I recently read this article http://www.abc.net.au/news/2016-07-05/leading-the-bunganditj-language-revival/7569706 regarding Brooke Joy and her efforts to revive and pass on Bungaditj of the Boandik people in the south-east of South Australia.
Although this article is written with a positive message and rejoices in the revival program of Bunganditj, it is difficult (at least to me and likely all of my fellow LING366/556 students) to read without a pang of sadness and tragedy. Probably the most important aspect of a culture is its language. Being part of a language group gives one a sense of belonging and connection to place and history that is difficult to describe in words. The loss of most native Australian languages since British colonization and the broader squashing of culture that has taken place is a tragedy that cannot be understated.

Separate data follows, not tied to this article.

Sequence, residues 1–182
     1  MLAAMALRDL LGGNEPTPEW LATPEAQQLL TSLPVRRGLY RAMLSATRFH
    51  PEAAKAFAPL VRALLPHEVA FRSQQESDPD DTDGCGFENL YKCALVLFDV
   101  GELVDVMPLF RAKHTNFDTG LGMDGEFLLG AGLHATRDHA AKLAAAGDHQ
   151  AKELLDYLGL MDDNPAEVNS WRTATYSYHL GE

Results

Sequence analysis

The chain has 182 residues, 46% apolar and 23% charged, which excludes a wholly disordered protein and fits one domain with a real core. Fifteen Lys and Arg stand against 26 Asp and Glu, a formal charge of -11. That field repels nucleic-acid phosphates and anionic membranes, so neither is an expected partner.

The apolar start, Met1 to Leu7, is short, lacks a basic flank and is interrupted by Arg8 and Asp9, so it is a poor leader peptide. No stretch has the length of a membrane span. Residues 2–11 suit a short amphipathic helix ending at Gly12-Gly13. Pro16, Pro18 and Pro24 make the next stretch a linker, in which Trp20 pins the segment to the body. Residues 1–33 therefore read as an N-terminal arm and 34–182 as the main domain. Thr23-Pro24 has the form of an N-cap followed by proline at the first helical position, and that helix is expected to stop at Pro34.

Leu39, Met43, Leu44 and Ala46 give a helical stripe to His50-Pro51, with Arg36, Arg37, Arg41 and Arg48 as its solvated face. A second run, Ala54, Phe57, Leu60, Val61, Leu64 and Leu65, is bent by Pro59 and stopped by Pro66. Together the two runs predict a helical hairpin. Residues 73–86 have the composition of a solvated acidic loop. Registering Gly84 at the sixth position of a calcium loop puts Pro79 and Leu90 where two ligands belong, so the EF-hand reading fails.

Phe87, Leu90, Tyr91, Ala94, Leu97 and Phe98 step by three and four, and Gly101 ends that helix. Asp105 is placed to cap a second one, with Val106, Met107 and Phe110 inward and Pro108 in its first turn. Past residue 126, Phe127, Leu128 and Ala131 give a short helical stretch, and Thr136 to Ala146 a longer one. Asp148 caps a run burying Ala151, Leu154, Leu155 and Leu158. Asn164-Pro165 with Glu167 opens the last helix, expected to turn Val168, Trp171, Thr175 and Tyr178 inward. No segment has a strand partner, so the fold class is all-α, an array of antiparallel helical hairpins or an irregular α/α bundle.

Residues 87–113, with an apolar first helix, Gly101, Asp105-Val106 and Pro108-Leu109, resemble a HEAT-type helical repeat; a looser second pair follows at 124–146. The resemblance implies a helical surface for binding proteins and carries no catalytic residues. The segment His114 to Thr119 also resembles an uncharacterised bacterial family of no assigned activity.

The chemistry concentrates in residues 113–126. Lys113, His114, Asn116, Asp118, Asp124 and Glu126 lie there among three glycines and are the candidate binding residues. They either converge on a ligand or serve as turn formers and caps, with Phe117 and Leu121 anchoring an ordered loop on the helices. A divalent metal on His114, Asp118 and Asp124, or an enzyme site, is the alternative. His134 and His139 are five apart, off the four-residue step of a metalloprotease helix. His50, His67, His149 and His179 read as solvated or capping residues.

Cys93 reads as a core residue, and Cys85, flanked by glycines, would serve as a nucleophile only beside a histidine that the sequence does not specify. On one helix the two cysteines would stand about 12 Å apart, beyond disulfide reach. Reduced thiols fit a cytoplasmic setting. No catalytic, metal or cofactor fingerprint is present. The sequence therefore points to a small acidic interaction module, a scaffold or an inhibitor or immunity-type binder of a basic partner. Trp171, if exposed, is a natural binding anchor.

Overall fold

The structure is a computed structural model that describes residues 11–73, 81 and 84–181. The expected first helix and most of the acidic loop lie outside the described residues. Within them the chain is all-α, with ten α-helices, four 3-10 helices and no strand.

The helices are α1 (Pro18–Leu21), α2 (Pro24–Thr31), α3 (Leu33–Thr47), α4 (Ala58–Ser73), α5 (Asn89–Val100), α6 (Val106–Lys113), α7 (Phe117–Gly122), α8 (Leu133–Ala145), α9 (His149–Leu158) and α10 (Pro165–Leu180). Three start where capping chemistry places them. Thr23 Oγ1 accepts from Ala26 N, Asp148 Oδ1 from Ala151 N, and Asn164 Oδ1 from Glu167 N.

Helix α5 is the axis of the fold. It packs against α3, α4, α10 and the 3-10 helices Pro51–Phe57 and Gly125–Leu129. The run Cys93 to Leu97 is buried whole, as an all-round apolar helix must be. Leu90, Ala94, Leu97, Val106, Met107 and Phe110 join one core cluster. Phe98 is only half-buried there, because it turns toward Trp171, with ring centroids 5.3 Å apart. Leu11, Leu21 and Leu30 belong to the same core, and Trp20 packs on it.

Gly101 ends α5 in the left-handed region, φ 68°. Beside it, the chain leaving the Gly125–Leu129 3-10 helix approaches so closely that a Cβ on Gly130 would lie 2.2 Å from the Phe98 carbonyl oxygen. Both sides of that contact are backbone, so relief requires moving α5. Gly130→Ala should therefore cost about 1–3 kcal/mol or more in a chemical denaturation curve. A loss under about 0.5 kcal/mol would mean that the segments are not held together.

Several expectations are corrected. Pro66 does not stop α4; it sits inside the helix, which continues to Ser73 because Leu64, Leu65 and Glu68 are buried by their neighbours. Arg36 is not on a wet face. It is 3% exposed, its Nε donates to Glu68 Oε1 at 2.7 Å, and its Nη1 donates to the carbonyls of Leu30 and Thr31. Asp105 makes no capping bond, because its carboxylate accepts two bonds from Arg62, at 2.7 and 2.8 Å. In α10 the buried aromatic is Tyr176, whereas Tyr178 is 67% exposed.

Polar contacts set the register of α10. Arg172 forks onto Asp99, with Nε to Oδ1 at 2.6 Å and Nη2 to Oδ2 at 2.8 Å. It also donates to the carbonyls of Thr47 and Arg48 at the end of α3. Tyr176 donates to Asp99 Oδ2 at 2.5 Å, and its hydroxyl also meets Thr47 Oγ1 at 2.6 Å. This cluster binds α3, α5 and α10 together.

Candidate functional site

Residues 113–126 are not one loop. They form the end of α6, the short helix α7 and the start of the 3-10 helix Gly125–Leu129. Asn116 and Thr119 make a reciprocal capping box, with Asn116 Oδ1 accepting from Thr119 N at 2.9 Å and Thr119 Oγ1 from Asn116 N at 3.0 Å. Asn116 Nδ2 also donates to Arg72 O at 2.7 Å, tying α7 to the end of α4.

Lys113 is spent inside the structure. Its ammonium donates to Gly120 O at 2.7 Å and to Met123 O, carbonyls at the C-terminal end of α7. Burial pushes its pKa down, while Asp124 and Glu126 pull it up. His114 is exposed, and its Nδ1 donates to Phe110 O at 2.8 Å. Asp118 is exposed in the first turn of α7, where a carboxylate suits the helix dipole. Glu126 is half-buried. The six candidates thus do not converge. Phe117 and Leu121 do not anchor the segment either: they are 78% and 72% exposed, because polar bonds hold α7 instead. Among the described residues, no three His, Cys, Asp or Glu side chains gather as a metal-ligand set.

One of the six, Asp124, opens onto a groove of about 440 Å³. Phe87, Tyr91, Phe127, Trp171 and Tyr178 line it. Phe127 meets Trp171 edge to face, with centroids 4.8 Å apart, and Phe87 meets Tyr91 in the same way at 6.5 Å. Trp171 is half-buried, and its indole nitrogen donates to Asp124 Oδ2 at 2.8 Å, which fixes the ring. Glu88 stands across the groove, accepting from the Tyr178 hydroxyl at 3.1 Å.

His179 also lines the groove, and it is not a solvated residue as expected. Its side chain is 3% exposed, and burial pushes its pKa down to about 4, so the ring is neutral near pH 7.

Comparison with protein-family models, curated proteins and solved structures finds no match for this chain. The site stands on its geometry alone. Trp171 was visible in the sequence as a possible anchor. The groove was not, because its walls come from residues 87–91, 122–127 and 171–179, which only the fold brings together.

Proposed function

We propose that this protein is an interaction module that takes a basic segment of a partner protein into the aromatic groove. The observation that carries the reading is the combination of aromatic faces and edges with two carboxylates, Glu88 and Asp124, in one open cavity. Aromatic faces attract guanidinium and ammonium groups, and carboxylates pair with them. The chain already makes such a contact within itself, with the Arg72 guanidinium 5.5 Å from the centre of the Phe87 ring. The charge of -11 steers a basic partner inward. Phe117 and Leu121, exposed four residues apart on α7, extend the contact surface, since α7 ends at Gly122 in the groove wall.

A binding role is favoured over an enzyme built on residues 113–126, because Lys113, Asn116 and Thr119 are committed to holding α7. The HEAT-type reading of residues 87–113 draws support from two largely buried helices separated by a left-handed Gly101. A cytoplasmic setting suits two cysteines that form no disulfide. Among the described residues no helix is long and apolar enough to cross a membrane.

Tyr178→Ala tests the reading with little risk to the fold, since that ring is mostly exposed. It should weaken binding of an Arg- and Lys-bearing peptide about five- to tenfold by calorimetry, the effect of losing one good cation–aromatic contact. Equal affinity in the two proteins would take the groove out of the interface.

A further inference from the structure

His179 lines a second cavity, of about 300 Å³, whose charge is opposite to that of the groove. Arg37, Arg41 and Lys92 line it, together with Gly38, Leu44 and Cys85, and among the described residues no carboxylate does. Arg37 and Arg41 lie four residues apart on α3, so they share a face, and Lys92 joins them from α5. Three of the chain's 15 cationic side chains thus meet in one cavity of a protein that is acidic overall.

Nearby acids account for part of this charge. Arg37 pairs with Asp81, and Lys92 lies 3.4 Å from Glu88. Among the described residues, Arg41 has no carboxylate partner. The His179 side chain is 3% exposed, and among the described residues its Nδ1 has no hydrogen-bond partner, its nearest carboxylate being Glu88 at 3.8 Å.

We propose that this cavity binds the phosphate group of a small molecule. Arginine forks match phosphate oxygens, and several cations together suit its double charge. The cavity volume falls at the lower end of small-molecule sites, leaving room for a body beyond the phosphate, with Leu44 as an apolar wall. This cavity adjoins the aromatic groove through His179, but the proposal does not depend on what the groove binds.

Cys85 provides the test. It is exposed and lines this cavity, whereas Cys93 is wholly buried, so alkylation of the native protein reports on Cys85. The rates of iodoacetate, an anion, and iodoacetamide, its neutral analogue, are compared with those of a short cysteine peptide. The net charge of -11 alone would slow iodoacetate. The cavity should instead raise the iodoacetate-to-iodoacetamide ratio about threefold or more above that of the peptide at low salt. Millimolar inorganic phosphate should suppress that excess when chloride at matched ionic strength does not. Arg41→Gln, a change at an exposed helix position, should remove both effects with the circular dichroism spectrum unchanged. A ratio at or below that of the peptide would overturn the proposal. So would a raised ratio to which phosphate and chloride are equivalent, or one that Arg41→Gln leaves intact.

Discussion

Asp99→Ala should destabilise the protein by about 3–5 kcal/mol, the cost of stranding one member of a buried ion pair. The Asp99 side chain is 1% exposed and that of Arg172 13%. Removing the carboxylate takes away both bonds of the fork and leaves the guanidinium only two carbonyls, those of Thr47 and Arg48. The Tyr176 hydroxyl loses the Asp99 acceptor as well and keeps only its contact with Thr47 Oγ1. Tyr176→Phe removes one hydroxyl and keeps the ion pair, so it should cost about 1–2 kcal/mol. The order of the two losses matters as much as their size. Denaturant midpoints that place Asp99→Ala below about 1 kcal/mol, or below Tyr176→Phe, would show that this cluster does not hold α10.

There are now several revitalization programs and slowly but surely a development of appreciation for indigenous culture within the non-indigenous community but sadly this is far too slow a process and has come far too late for many languages and cultural identities of traditional Australia.
Hopefully, if a critical mass of appreciation within the non-indigenous community can be reached we may be able to start engaging with Australia’s heritage on a deeper level and be all the richer for it.
Imagine if all of our children across the country were engaged in programmes of the sort featured in this article. Perhaps then we could really start closing the gap.